Feb 17, 2012

January 26-27, 1968: Eagles Auditorium, Seattle


Due to city laws prohibiting juveniles dancing and small attendance at Eagles auditorium, Boyd Grafmyre has been sponsoring concerts. People have been sitting on overcrowded floors, until last weekend.
The Dead and Quicksilver came from San Francisco, home of free souls, and they don't take laws seriously. Friday night Jerry Garcia told the audience to vote no on politics and dance. A few did and weren't stopped.
Saturday was slightly different. The Dead started their set with Love Light, a hard pounding song, in an attempt to move the audience. A few moved. In walked the license inspectors. Boyd asked the Quick to tell the audience to stop, and when they refused he explained the situation himself. We stopped. For about two songs. The inspectors left, the Dead came back on, and dancers danced. Nobody cared. Nobody really wants to stop dancing, but nobody wants to fight City Hall to change the law. So if the spirit to dance strikes you, do, in public, private, even at Eagles. But if you go to Eagles take your own toilet paper, because when that urge hits you, you will discover they don't supply it.



Friday night: the concert was easily the finest I've ever seen at the Eagle's. The Quicksilver Messenger Service took the first set, started off tight and completely together; and by the time they got into--Smokestack Lightning?--some old Howlin' Wolf anthem, I could feel my incisors vibrate. By the end of the set, they were so close that they seemed to be telepathic. The light show, by Headlights out of SF, was totally in sight, having almost the same protean cartoon quality that you sometimes get when you close your eyes during the Magic Moments.
The Dead's first set, though very good, was cut short when one of the two drummers put his foot (I think) through his bass drum. While Quicksilver was setting up, someone ran a very strange, funny silent movie collage--sort of a linear light show.
Throughout the evening, both the Dead and Quicksilver kept urging people to dance; but with very few exceptions everyone just sat on the floor and was subdued. Even the applause was rather mild, considering what was happening on the stage.
If more of the young people in the Puget Sound area had the opportunity to be exposed to such worthwhile music, we wouldn't have all this damn trouble with juvenile delinquents and war protestors.

Two reviews from the Seattle Helix, February 1 1968.
Scans courtesy of the JGMF blog - many thanks!


1 comment:

  1. I was looking through this excellent collection of Helix scans from 1967-68:
    And, visiting vol. 2 no. 10, noticed that I got the headline of the first article wrong: it's just printed "AND THE DEAD," not "The Quick and the Dead." (Actually the word "STING" is printed in big letters up above for some reason, but it was 25 years too early to be "Sting and the Dead.")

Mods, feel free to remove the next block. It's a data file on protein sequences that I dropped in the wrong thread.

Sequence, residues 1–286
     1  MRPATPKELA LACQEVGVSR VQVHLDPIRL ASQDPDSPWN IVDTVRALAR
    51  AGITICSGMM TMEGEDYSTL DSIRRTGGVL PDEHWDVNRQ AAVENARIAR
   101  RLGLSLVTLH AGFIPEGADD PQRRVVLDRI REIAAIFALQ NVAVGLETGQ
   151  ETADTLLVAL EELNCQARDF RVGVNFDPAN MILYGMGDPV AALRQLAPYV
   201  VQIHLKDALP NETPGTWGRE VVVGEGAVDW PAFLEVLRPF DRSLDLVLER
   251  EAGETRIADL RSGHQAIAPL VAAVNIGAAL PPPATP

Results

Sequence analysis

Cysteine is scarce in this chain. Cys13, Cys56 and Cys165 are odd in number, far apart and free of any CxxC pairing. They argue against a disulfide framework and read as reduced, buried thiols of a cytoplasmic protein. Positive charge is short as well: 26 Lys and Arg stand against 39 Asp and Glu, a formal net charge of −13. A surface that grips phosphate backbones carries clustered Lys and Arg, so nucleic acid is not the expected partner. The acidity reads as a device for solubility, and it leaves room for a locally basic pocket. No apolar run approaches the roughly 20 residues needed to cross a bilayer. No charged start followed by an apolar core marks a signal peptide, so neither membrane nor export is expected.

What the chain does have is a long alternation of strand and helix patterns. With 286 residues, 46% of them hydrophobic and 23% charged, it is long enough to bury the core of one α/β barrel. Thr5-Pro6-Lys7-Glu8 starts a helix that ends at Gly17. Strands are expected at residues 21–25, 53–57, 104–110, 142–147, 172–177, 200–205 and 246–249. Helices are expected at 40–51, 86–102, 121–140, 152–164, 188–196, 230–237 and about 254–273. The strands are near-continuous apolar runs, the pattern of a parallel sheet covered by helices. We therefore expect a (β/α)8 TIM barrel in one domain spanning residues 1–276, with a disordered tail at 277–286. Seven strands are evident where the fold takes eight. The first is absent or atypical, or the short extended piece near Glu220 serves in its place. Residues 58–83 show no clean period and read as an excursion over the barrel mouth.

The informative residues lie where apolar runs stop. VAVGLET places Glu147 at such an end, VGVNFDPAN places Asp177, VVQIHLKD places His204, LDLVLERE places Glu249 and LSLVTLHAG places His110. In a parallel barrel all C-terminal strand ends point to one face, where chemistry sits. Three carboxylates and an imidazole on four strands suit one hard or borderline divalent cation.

There's also a nice show photo, and an accompanying article ("Pop-Cycle") about a visit to Seattle by Vanguard producer Sam Charters. Along with Ed Denson, he made a quick visit one evening to three clubs: the Happening, the Eagles, and the S.F. Sound. First stop was the Happening, "the place in Seattle [for] the aspiring jet set (quick and cool and over 18)...in an environment of semi-hip paisley-lit titillations.
    Sam had come to hear local bands for possible recording on the Vanguard label. The Magic Fern was one of these. He murmured something about 'second-rate S.F. bands' and left near the end of the first set.
    At the Eagles The Dead were meandering through its second set while Sam wandered through the scene and decided there was one...unlike Pittsburg, Houston, Richmond Virginia, and the fast deteriorating S.F. ...
    Anxious to see to what extent the Dead would be a drain on the San Francisco Sound, we visited the latter last. Attendance at the Sound is always in flux. Two weeks before some 500 filled the floor...dancing. Last weekend there were perhaps 50...sitting. (It is our hope that the S.F. Sound's excellent dance facilities will be made better use of and that some of its internal problems will cool.)"

    Charters also produced Country Joe & the Fish's records, so no doubt he was familiar with the Dead from San Francisco. It's funny that he leaves one club where a "second-rate SF" imitation is playing and heads to see the real thing at the Eagles...and then goes on to an actual ballroom called the "San Francisco Sound" in Seattle! (It would seem Seattle's own rock-music scene was going through an identity crisis.)
    For me, it's amazing to think of Charters seeing the Dead, because he had recorded & released so many older folk & blues musicians who had a huge influence on the Dead - for instance, he recorded a Lightnin' Hopkins album in 1959 with 'She's Mine,' which Pigpen would play in Dead shows in 1970. Even more startling, ten years earlier in 1958, he had first taped Joseph Spence, whose recording of 'I Bid You Goodnight' (in 1965, with the Pindar Family) the Dead started covering in early '68.